Though both men are remembered as heroes, George Washington's birthday was nationally remembered, but Lincoln's birthday was never an official federal holiday. Some states honor the sixteenth president, memorializing his brave and steady leadership during the Civil War, but other states do not. The fifty individual states are not required to recognize the federally designated holidays, though all federal offices and agencies are closed on these dates. This is part of the confusion when answering the question, when is president's day? To address the confusion, and also in response to national associations that promoted travel and tourism, Congress passed House Resolution 15951 in 1968. The Uniform Holidays Bill, which took effect in 1971, contained several provisions. Primarily, the bill specified that several federal holidays would be celebrated on a Monday so that federal employees would have three-day weekends, allowing them to take short vacations. These included Washington's birthday, Veterans Day, and Memorial Day. The legislation also established Columbus Day as a federal holiday. (Though for a time, Veterans Day was celebrated on a Monday, the date for honoring military veterans was changed back to November 11 by federal legislation in 1978.) Federal employees may believe they celebrate presidents day on the third Monday of February, but officially the date is still designated as Washington's birthday.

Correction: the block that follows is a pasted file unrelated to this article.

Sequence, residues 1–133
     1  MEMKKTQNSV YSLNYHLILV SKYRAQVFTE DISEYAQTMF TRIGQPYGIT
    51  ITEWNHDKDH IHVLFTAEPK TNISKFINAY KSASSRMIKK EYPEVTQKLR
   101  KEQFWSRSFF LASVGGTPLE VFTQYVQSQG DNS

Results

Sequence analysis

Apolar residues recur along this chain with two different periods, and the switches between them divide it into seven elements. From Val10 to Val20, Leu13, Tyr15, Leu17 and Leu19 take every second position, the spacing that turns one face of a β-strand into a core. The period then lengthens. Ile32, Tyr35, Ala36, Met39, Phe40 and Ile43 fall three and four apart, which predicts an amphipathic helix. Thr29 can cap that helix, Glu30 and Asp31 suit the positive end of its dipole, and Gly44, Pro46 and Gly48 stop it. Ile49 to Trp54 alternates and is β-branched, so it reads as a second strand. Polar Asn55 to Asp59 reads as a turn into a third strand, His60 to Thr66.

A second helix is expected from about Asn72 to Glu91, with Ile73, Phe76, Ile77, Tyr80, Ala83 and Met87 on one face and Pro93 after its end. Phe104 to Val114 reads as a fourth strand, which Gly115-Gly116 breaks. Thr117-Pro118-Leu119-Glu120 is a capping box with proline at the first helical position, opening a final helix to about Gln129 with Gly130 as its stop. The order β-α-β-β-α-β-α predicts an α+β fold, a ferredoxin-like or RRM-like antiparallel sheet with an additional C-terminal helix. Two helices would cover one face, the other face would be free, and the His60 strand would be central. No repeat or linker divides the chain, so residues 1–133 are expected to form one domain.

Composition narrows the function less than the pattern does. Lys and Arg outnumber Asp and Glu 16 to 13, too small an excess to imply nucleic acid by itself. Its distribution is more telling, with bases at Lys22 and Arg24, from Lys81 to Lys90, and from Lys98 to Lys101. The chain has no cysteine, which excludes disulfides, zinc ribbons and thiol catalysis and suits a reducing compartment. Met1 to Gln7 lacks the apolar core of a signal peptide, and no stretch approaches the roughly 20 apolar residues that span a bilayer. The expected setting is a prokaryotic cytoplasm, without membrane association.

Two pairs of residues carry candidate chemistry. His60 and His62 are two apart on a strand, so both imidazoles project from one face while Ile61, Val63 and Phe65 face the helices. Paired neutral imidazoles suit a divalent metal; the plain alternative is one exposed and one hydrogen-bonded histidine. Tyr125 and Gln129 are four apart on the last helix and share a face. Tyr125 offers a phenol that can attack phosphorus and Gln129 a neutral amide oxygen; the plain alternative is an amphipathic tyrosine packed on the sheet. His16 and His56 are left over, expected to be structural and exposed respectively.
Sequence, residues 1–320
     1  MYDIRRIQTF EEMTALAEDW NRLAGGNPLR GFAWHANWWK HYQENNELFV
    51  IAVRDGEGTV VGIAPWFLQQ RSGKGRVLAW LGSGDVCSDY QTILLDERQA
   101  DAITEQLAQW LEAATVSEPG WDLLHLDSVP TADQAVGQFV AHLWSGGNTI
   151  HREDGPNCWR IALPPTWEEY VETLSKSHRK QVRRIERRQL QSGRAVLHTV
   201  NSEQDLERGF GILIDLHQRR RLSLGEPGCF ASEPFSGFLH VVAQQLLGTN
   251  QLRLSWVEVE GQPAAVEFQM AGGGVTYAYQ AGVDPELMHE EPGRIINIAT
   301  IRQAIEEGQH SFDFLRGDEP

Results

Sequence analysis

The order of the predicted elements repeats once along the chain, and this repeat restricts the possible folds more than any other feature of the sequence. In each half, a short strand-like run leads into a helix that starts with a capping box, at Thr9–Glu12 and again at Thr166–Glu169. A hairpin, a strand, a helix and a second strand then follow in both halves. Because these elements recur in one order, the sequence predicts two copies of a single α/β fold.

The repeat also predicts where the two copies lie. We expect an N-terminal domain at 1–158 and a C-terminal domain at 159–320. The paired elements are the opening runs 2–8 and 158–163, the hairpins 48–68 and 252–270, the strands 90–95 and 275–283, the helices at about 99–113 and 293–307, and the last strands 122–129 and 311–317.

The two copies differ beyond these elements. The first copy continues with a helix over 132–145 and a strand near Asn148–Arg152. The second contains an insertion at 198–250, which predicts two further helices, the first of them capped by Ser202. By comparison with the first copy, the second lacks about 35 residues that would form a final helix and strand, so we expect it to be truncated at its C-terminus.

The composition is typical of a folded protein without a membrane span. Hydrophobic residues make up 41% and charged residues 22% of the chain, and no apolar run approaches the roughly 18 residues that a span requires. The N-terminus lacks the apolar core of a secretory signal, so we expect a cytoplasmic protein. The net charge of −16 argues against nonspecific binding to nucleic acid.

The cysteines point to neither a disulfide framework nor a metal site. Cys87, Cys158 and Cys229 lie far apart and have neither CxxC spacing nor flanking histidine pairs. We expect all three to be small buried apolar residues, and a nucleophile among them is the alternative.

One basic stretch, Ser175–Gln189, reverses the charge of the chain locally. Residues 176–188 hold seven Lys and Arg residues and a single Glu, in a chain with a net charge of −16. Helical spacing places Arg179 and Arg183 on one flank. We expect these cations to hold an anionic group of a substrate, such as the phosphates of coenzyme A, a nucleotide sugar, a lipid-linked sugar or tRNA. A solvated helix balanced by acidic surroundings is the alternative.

Adding to the confusion is disagreement on how Richard Nixon, who was president when the Uniform Holidays Bill went into effect in 1971, announced the changes. Some say that, instead of issuing an executive order, Nixon issued a Presidential Proclamation that said Americans would celebrate presidents Day in the belief that the proclamation would give the holiday its official designation. However, Nixon did issue executive order number 11582 on February 11, 1971 that designated all the official federal holidays. Though the executive order specifically includes the third Monday of February as a designated federal holiday, the order doesn't give it a specific name or title. The prevailing federal statute continues to designate the holiday as Washington's Birthday. Members of Congress tried again to align federal statutes with the prevailing cultural practice by introducing House Resolution 420, the Washington-Lincoln Recognition Act of 2001. However, this legislation never made it out of its assigned subcommittees so a final bill was never voted on by either the full House of Representatives or the United States Senate.
In conclusion, the answer to when is president's day seems to depend on where one lives. Though often used nationally as a designation on calendars and in advertising, it's not an official federal holiday. Some states apparently created their own designations, but it is up to each state to decide which holidays to recognize. For example, Florida's state offices and agencies are closed on the third Monday in January to honor Martin Luther King, Jr.'s birthday, which is also a federally recognized holiday. However, the state offices and agencies are not closed on the third Monday in February to celebrate presidents day.